Every year, I meet with a study group of six other wealth advisors and we talk about what’s currently working and not working in our practices. Our group gathers together annually and has conference calls monthly. We have a blast together, hanging out and goofing off, but we also work. We share everything with each other, including our tax returns and balance sheets, if appropriate.
We all agreed that seminars are not working the way they used to. American investors are not as eager to come to a free seminar, eat a juicy steak and learn something that will help them make smarter decisions with their money. Don’t get me wrong — seminars still work — but they are not quite as effective as they were 15 years ago. We talked a lot about what is working in our practices to attract new clients.
Some study group members have client advisory boards comprised of approximately 10 clients representing a cross-section of their ideal clients. These advisory boards have consistently suggested that we host activities that are fun in order to attract their friends. Imagine that! We can have fun in our business as we attract and retain great clients!
What Your Peers Are Reading
After hours of discussion at our annual meeting, our study group came up with the following effective ways to grow your business in 2012.
- Take care of your existing clients. In order to exceed your clients’ expectations, your office staff or team needs to be totally client-centered. Promise a lot and deliver more. Serve them in a selfless and loving way. Do what you say, finish what you start and say “please” and “thank you.”1
- Hold special client events. Hold an annual Forecasting Event, Half-Time Report and Holiday Brunch for clients and friends.2 These events are set up to let clients know what the experts are forecasting for the upcoming year and how accurate they have been in their predictions over time. You can bring in speakers such as CPAs, attorneys and portfolio managers to forecast the economy and give tax or estate planning updates.
- Have passion2 events. Maybe you love to golf, cook or fish. Whatever your passions are, you can design events around them. You can also survey clients and create events around their passions. Let’s assume you love to golf. You could host a golf clinic3 to help clients with their putting, chipping and full swing. Hire three golf pros to each conduct a breakout on these skills. Invite clients to improve their game. Break them into three groups and rotate them through the workshops. Maybe you love to cook. Why not hire a chef to teach cooking classes to clients who are interested? If you love to fish, you could hire a fishing guide to take small groups of clients out to fly fish, bass fish on a river or trout fish on a lake.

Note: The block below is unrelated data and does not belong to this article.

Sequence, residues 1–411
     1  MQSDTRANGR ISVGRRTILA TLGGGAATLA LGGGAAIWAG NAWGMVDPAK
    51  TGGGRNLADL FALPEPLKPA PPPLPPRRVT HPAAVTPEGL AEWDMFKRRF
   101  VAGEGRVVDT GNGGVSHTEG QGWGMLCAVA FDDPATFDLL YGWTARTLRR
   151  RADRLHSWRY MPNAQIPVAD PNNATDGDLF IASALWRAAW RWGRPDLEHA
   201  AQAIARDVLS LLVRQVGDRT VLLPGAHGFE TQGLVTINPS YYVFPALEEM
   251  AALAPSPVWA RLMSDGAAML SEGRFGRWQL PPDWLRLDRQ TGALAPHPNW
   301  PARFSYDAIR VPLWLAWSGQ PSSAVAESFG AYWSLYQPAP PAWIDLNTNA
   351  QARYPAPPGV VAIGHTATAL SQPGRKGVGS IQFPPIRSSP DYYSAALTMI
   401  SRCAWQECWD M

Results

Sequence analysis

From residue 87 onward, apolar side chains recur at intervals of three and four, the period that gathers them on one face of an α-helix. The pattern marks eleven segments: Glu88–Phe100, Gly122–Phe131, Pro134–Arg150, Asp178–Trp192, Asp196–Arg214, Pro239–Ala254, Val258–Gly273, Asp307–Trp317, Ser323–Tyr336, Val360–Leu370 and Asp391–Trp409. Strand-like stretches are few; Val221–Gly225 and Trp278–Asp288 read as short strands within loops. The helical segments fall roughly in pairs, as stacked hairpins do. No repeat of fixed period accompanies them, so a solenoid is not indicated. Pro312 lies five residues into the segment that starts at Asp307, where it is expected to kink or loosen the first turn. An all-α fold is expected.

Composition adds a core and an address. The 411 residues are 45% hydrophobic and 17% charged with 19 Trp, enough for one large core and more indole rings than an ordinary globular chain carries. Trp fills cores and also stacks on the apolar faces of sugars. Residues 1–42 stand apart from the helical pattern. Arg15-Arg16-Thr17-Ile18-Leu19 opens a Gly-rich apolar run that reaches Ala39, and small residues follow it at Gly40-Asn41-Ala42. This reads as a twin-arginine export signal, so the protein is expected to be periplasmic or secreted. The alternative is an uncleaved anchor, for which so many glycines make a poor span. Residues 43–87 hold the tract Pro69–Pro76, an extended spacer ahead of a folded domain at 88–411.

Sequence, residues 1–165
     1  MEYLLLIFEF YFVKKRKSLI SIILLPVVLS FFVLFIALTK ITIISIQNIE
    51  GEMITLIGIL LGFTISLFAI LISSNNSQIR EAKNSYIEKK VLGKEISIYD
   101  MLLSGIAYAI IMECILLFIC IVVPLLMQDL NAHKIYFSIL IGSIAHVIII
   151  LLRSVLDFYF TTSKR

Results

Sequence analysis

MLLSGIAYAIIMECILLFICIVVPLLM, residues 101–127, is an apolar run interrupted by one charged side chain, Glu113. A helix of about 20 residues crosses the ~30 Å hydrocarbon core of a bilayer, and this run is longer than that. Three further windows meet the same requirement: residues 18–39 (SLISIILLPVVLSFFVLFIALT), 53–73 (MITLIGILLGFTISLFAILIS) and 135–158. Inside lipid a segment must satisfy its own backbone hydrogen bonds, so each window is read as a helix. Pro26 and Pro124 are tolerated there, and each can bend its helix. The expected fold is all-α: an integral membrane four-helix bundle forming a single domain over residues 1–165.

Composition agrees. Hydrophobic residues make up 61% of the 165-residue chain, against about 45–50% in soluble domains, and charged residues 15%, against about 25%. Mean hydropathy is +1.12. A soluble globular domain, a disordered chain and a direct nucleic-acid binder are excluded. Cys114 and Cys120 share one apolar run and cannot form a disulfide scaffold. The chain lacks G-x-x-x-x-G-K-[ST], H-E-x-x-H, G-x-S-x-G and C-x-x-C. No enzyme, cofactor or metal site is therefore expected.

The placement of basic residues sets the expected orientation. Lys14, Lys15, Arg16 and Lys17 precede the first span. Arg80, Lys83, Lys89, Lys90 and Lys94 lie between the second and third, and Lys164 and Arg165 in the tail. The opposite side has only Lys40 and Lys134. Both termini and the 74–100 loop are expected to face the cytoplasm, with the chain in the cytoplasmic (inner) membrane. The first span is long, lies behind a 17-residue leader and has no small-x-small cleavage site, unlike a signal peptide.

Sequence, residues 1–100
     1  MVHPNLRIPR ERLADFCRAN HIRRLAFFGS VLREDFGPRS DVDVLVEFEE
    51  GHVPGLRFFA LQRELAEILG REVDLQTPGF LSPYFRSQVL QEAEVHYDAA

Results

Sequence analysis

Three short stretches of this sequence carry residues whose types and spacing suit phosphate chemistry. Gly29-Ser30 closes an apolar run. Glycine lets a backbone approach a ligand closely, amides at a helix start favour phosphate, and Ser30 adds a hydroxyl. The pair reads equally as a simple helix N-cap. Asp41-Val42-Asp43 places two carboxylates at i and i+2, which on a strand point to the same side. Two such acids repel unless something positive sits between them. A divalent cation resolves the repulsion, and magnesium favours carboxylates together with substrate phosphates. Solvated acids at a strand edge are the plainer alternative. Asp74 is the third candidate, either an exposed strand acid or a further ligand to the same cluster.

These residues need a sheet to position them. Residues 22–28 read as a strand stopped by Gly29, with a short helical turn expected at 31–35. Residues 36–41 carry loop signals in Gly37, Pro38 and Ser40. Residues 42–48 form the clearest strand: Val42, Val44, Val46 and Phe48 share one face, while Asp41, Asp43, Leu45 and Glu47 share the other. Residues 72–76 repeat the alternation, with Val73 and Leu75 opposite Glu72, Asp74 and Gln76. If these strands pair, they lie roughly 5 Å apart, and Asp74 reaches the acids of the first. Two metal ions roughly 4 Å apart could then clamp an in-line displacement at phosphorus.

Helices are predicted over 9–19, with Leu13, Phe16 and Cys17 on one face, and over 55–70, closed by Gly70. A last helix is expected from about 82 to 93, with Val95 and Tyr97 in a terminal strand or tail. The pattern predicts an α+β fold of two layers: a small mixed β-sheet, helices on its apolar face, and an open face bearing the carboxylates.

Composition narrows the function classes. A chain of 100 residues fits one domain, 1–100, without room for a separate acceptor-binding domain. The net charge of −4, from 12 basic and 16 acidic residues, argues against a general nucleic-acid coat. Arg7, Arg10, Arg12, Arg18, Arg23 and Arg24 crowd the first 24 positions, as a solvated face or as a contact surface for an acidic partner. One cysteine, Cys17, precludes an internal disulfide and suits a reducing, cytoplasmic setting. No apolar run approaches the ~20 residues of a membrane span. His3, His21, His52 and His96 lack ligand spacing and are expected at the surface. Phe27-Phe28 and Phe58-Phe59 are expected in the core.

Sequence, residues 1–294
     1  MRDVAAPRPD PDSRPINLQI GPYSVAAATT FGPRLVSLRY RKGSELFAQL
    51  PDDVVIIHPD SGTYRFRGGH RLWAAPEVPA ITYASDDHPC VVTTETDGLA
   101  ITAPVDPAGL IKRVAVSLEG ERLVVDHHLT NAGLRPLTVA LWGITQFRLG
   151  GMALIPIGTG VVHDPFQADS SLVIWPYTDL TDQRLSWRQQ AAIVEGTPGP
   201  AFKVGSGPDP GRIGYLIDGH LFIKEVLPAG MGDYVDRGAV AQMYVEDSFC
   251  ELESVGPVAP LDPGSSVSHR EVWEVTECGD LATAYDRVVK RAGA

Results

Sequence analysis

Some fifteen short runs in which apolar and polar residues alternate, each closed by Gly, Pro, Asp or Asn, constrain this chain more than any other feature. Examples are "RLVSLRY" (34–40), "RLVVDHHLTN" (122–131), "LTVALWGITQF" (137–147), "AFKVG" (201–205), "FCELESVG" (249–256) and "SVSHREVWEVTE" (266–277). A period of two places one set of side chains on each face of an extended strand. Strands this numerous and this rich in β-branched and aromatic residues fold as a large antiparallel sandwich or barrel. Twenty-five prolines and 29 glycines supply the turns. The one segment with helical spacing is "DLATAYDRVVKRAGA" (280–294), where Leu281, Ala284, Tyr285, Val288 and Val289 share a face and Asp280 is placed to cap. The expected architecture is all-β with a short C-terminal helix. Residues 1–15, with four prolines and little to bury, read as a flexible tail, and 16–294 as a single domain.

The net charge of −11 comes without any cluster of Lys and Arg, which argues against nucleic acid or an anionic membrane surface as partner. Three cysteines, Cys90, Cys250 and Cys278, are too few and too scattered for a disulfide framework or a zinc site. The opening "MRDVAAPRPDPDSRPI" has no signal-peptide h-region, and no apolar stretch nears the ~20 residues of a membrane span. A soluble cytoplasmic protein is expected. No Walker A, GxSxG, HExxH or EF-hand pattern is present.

- Celebrate the best of your region. We live on the Mississippi River, so river cruises are a natural way to bring people together for some fun and adventure. Having clients bring family members and friends for this outdoor event cements current client relationships and provides an easy introduction to others who may benefit from your services. What special events does your region offer that you and your clients could celebrate?
- Host charitable events. Maybe you could get behind a charitable golf event or start your own. What event could you promote to show your support? You could teach a Junior Achievement high school economics class. Helping students with financial literacy education is a great way to get involved in your community in an important way, teaching the next generation how to better handle our country’s wealth.
- Random acts of kindness. Consider having someone in your office in charge of giving gifts to clients who are in the hospital, celebrating an anniversary or having a baby or new grandchild. Sending flowers or a fruit basket can show them how much you care. Buy boxes of books or DVDs that can be handed out with your card glued to the front. Consider giving away a book or DVD, such as “The Ultimate Gift”4 or “True Wealth.”5
- Know the condition of your flocks. Know your clients better by asking them how you can improve your service. Survey them about how you are doing, what they appreciate about your services and inquire about their personal preferences. Give away a box of steaks through a drawing to reward those who participated in the survey.
Seminars may not be dead, but somewhat comatose right now. Why not hold other special events that foster your relationship with clients, their families and their friends? Why not have fun doing it?